Indirect_Spatial_Reference: south Florida
Direct_Spatial_Reference_Method: Point
Point_and_Vector_Object_Information:
SDTS_Terms_Description:
SDTS_Point_and_Vector_Object_Type: Point
Point_and_Vector_Object_Count: 252

Spatial_Reference_Information:
Horizontal_Coordinate_System_Definition:
Geographic:
Latitude_Resolution: 0.01
Longitude_Resolution: 0.01
Geographic_Coordinate_Units: Degrees and decimal minutes
Geodetic_Model:
Horizontal_Datum_Name: North American Datum of 1983
Ellipsoid_Name: Geodetic Reference System 80
Semi-major_Axis: 6378137
Denominator_of_Flattening_Ratio: 298.257

Entity_and_Attribute_Information:
Overview_Description:
Entity_and_Attribute_Overview:
The following attributes are possible for records in the Modern Field Data: Site #, ID Number, Site (name), Location (Florida Bay, Biscayne Bay or Southwest coast), General Area Description, Changes Observed, Comments, Clarity/Weather/Water/Tide, Collectors, Date Collected, Time, Longitude, Latitude, Instrument Used (for water chemistry), Salinity, Temperature, pH, Dissolved O2, Redox potential, Specific Conductance, Resistivity, Subsample #, Unique sample ID, Sample Type, Site Category, Position, Depth, Sampling Description, Site Description, Comments, Presence/Absence - Debris/Live for Mollusc/Other, SAV, and Terrestrial Vegetation. Not all attributes apply to all sites. The appropriate attributes are populated for each site.
The possible attributes for the Core Locations are: General Location, Core ID #, Core Name, Related Modern Site, Public Information, Date Collected, Collectors, Longitude, Latitude, State, County, 7.5 minute quad, Core Length in Barrel, H20 Depth, General Area Description, Substrate Description, and Additional Information. These attributes are populated as appropriate for each core.
Entity_and_Attribute_Detail_Citation:
See the Ecosystem History Access Database at <http://sofia.usgs.gov/exchange/flaecohist/> for more detailed information on the attributes for the Modern Field Data and Core Locations.

Distribution_Information:
Distributor:
Contact_Information:
Contact_Person_Primary:
Contact_Person: Heather S. Henkel
Contact_Organization: U.S. Geological Survey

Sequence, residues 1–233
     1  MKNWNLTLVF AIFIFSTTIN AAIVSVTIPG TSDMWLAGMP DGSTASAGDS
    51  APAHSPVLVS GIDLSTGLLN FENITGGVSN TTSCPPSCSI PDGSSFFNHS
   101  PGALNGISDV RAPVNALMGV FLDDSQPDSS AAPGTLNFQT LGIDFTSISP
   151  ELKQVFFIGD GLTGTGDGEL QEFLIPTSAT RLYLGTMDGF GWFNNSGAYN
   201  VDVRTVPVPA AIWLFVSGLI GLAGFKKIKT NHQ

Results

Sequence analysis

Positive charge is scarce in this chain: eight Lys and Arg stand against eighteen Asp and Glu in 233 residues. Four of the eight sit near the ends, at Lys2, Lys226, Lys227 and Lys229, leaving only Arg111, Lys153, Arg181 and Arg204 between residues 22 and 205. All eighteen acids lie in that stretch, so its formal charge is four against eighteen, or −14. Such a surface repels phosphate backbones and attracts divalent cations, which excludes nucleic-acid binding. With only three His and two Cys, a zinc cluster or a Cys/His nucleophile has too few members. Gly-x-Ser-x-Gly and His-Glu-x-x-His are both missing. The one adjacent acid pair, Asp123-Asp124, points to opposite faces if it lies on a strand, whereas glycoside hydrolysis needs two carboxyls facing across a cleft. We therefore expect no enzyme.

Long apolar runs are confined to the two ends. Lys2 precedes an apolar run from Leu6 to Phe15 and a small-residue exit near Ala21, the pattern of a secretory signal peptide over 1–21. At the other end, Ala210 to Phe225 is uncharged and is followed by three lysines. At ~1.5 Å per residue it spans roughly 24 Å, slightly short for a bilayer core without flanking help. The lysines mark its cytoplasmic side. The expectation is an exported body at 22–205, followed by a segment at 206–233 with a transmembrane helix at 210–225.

Contact_Address:
Address_Type: mailing address
Address: 600 Fourth St. South
City: St. Petersburg
State_or_Province: FL
Postal_Code: 33701
Country: USA
Contact_Voice_Telephone: 727 803-8747 ext 3028
Contact_Facsimile_Telephone: 727 803-2030
Contact_Electronic_Mail_Address: hhenkel@usgs.gov
Resource_Description: Ecosystem History of South Florida Estuaries Data
Distribution_Liability:
The field data contained in this database have been compiled, standardized and verified to the original records.
Standard_Order_Process:
Digital_Form:
Digital_Transfer_Information:
Format_Name: MS Access
Format_Version_Number: 2007
Format_Specification: The Access database is available as a zipped file
File_Decompression_Technique: The file must be "unzipped" before use
Transfer_Size: 3.2
Digital_Transfer_Option:
Online_Option:
Computer_Contact_Information:
Network_Address:
Network_Resource_Name: <http://sofia.usgs.gov/exchange/flaecohist/>
Access_Instructions: The database may be downloaded from the SOFIA website
Fees: none

Metadata_Reference_Information:
Metadata_Date: 20130826
Metadata_Contact:
Contact_Information:
Contact_Person_Primary:
Contact_Person: Heather Henkel
Contact_Organization: U.S. Geological Survey
Contact_Address:
Address_Type: mailing and physical address
Address: 600 Fourth Street South
City: St. Petersburg
State_or_Province: FL
Postal_Code: 33701
Country: USA
Contact_Voice_Telephone: 727 803-8747 ext 3028
Contact_Facsimile_Telephone: 727 803-2030
Contact_Electronic_Mail_Address: sofia-metadata@usgs.gov
Metadata_Standard_Name:
Content Standard for Digital Geospatial Metadata, Part 1: Biological Data Profile
Metadata_Standard_Version: FGDC-STD-001.1-1999
Metadata_Access_Constraints: none
Metadata_Use_Constraints:
This metadata record may have been copied from the SOFIA website and may not be the most recent version. Please check <http://sofia.usgs.gov/metadata> to be sure you have the most recent version.

Generated by mp version 2.9.23 on Mon Aug 26 13:11:20 2013

U.S. Department of the Interior, U.S. Geological Survey
Comments and suggestions? Contact: Heather Henkel - Webmaster